From all over the U.S., Canada and Puerto Rico, almost 1000 UAW members converged in National Harbor, Maryland this week for the 2022 UAW National CAP Conference. Just a stone’s throw from the steps of the nation’s capital, the delegates are meeting to learn about the pressing matters of the UAW, get the latest training on lobbying and advocacy as well as the opportunity to raise our issues in front of their elected representatives.
For Jessie Jesson from Local 686 in Region 9, this week is about fighting for the members back home. “The PRO Act is very important to have a level playing field in organizing campaigns. In Region 9, the UAW has a considerable presence in the automotive and big truck market, so naturally we are interested in how the introduction of EVs will impact us. I hope to gather the information needed to carry back to my members as they prepare to vote this fall.”
Similarly, UAW Local 863 President Tod Turner from Region 2B thinks that this week is an opportunity to reconnect with fellow activists and to take back a message to his membership about the importance of voting in the midterms. “There is so much at stake when it comes to issues that affect our members and we have to continue to elect representatives who put the interests of labor first.”
Angela Powell from Local 600 in Region 1A agrees: “I’m ready to learn, lobby and go back and spread the word.” She adds, “the fellowship with other UAW delegates this week is inspiring and gets me ready to do the work this fall.”
UAW President Ray Curry provided the keynote speech on Sunday where he challenged delegates to remember that the duty of a UAW member is to vote: not just in local, state and federal elections, but also in institutional elections. Last fall, our union mailed out 1.2 million ballots for the referendum vote and only 143,000 were returned. Later this year, election ballots will be mailed out again and members must honor their oath and vote to determine our future, he said. Similarly, this November we will have stark choices presented and our members must show up at the polls to support candidates who support our union in federal and state elections.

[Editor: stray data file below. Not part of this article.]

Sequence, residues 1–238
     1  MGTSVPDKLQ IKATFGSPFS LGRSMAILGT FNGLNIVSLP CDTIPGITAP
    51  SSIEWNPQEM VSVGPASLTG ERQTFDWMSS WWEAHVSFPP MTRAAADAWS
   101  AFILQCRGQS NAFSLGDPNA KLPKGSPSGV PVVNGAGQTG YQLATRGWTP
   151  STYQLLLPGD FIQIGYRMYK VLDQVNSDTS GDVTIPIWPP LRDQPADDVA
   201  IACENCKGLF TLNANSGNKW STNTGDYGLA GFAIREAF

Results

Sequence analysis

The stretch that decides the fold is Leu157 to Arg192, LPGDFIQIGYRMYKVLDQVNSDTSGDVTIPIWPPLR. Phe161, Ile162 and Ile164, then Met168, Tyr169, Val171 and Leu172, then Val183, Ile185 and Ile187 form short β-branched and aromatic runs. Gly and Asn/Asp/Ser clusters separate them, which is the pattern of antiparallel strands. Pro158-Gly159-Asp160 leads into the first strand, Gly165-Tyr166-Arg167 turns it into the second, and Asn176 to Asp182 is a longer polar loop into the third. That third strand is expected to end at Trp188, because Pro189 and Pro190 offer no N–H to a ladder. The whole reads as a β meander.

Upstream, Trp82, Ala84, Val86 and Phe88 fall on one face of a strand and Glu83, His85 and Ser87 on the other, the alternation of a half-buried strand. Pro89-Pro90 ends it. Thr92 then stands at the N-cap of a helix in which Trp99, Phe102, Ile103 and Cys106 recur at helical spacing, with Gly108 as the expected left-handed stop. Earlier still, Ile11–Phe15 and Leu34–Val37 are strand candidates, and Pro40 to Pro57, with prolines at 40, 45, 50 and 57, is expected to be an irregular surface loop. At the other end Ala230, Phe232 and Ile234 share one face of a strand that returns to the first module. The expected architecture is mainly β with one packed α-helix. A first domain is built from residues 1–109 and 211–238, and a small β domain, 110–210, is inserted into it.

Our history is full of moments that shape who we are today. President Curry reminded delegates of what could have happened had we not fought to help our major employers like Chrysler restructure. Or what might have happened if we hadn’t elected representatives such as Michigan’s Governor Frank Murphy who remained neutral during the GM Sit-Down Strike. “We do not repeat history by not voting,” he said to applause.
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